[Tutor] comparing lists of strings with each other
anna at aleax.it
Wed Feb 4 15:39:32 EST 2004
On Wednesday 04 February 2004 04:47 pm, jan willem maaskant wrote:
> i have two lists filled with strings and i want to filter the strings from
> one list out of the other.
You'd be better off with a list comprehension.
threelist = [i for i in onelist if i not in twolist]
But, if you really must use filter for some reason....:
> for example:
> listOne = [ 'a','b','c']
> listTwo = ['a','c']
> i want to remove the strings in listOne which are equal to the strings in
> So the list i want to have must look like this.
> listThree = ['b']
> i tried it with the following code:
> >>> def removeStrings(list):
> for key in listTwo:
> if key != list:
> return list
> >>> listThree = filter(removeStrings, listOne)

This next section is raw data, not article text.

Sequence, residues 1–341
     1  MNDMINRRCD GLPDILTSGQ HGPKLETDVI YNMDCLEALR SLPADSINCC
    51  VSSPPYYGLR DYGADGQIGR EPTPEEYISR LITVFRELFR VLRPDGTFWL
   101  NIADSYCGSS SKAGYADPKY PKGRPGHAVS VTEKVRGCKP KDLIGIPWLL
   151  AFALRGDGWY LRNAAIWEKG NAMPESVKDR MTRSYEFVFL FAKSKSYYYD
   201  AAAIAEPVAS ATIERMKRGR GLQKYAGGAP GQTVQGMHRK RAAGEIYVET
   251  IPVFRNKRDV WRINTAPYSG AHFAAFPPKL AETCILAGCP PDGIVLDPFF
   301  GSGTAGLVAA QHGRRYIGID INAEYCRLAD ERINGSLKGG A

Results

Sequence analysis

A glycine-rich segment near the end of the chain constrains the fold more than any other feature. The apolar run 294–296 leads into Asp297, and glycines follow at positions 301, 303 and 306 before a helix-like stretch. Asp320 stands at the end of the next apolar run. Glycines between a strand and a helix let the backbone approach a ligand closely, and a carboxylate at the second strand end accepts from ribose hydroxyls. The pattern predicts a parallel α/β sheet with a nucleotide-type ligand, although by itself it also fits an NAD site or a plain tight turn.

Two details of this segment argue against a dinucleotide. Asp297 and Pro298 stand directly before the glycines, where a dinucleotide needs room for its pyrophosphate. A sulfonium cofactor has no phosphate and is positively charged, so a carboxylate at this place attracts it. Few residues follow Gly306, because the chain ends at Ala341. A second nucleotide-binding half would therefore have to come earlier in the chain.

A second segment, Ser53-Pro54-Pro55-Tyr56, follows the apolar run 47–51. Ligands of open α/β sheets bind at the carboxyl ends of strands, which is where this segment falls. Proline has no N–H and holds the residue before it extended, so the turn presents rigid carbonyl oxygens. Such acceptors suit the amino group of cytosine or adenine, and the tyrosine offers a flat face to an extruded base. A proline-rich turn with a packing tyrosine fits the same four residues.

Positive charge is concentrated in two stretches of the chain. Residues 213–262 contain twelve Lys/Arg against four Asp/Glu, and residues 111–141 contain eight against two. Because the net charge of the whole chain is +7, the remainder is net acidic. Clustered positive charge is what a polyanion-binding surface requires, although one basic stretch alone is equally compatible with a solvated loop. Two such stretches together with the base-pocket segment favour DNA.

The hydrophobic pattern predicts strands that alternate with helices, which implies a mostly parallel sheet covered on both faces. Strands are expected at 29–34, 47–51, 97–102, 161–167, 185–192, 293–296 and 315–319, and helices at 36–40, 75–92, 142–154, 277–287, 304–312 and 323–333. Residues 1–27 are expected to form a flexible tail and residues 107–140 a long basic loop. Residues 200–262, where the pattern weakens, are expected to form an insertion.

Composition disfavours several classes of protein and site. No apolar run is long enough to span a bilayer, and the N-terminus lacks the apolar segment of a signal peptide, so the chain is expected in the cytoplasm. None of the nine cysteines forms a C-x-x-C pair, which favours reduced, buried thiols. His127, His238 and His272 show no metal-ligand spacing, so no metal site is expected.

First, you really really don't want to use "list" as an argument or variable
name. list is one of the built-in types in Python, and you *REALLY* don't
want to use it as a variable name.
> however this results in
> >>> listThree
> ['a', 'b', 'c']
> so this is wrong, but what i really don't understand, is why the opposite
> seems to work quite fine
> if I put this code in
Okay, in order to see what's happening, I added some print statements to the
function. then ran the whole thing again.
alist = ['d', 'b', 'c']
blist = ['d', 'f', 'b']
print 'filter passes item', item
for key in blist:
print "key is ", key
if key != item:
print "key != item. returning", item
clist = filter(remstring, alist)
filter passes item d
key is d
key is f
key != item. returning d
filter passes item b
key is d
key != item. returning b
filter passes item c
key is d
key != item. returning c
['d', 'b', 'c']
Does this help you see what's happening?
There is a type 3 error in which your mind goes totally blank whenever you try
to remember which is which of type 1 and type 2.
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